That family connection hadn’t stopped Tubbs from pulling out of a King-promoted rematch with Witherspoon. Mandated when Witherspoon tested positive for marijuana after the Atlanta fight, the return bout was scheduled for Madison Square Garden in December of 1986, but Tubbs, citing an “injured shoulder,” withdrew on short notice and was replaced by Bonecrusher Smith, who knocked Witherspoon down three times on the way to a first-round TKO.
By the time he got to Tokyo, Tubbs was more forthright about the phantom injury that had caused him to pull out of the Witherspoon rematch two years earlier.
“I figured the deck was going to be stacked against me,” recalled Tony. “Carl King owned 50 per cent of Witherspoon and only 30 per cent of me.”
The promoter’s son, the ‘paper’ manager for a host of his father’s boxers, had displaced Tubbs’ former manager, a non-Beach Boy Californian named Mike Love. Love had in turn sued both Kings for tortious interference. The litigation had been dropped with the promise that Love would get $300,000 from Tubbs’ end of the Tyson fight, so Love, accompanied by what appeared to be hired muscle in the form of Tubbs’ former trainer Richie (The Torch) Giachetti, was in Tokyo protecting his investment.
“I am no longer acting as his manager, at Tubbs’ request,” Love told reporters in Japan. “And Richie Giachetti is no longer his trainer, at Tubbs’ request. Richie is working as a consultant for me, and we’re only here to protect our investment. If this fight don’t come off, we don’t get paid.”
But among this bewildering array of characters claiming to be looking out for Tubbs’ interests in Japan, the longest shadow was cast by a man who wasn’t even there. By 1988, Harold (Rossfields) Smith was doing time at a federal penitentiary as a result of the M.A.P.S. (Muhammad Ali Professional Sports) scandal.
After leasing Ali’s name, Harold had been a free-spending promoter in the early 1980s, but it turned out his boxing activities represented a house of cards, devised to launder the proceeds of an elaborate embezzlement scheme that had bilked Wells Fargo out of an estimated $22.5 million.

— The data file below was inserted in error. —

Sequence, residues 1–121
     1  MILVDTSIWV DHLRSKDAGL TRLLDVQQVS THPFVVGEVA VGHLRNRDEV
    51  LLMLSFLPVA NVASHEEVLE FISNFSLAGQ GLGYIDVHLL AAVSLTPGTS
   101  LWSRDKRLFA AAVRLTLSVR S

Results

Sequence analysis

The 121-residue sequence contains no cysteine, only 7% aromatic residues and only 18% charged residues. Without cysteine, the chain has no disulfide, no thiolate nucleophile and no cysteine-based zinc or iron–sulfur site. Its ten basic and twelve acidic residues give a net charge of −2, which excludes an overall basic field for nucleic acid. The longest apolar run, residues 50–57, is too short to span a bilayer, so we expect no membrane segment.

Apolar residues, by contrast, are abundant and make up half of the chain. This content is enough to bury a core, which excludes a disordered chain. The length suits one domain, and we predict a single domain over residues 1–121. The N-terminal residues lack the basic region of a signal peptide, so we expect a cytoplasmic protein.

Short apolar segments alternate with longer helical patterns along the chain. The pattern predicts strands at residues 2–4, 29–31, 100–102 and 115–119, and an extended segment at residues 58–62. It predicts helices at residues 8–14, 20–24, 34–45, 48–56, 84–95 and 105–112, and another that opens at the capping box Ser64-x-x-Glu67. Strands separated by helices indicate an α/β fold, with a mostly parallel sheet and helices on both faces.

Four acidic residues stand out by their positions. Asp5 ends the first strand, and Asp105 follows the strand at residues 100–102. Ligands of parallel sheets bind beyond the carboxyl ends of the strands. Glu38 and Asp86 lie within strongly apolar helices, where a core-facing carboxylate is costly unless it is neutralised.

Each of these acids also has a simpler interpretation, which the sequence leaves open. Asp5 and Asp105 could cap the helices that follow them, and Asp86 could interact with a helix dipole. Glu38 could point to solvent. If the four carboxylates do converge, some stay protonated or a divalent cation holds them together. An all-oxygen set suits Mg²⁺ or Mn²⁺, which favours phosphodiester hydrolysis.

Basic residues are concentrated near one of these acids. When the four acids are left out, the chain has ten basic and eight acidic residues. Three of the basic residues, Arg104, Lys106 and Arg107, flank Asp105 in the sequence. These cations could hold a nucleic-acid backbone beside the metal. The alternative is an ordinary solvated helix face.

Although Harold Smith was locked up in California, his wife Lee was in Japan with Tubbs, claiming to be his “publicist.” And when Tony appeared at a pre-fight press conference he was accompanied by his attorney, Charles Crawford – the same Charles Crawford who had served as Smith’s lawyer in the M.A.P.S. trial.
The widespread assumption was that Harold Smith was somehow calling the shots from behind prison walls in Boron, California.
“Are you kidding?” exclaimed Richie the Torch. “Harold has been calling over here five times a day – collect, to Japan! Just wait till Tubbs sees what’s left after his hotel bill gets paid.”
Actually, the hotel bill should have been the least of Tony’s worries. Between Carl King, Love, Crawford, and the Smiths, it was hard to imagine that Tony was going to have much left from his promised $600,000 purse.
Given his track record for unpredictability, there was a well-founded fear that if Tubbs ever woke up and did the math he might try to hold up the promotion by injuring his shoulder again. As a hedge against this eventuality, King had flown Cuban heavyweight Jose Ribalta to Tokyo and had him waiting in the wings as a substitute opponent should anything happen to Tubbs.
Tony, for his part, insisted that he was eager to fight.
“Tyson’s people are already negotiating two fights down the road,” he said. “They’ve got Michael Spinks in June and then Frank Bruno in September, but they picked one hell of a tune-up messing with me. I just want to know if they can change the name on all those contracts.”
At the same time, Tubbs was realistic enough to know that a Tyson win suited the interests of everyone save himself.
“With all the money to be made, what do you think is going to happen?” said Tubbs of the fight. “Even if I win 11 of 12 rounds, who do you think is going to get the decision? I have no other choice. I’ve got to knock him out.”
Tubbs, in an analogy Harold Smith would surely have appreciated, then added “The way I look at it, Tyson is the bank and I’m here to steal the money.”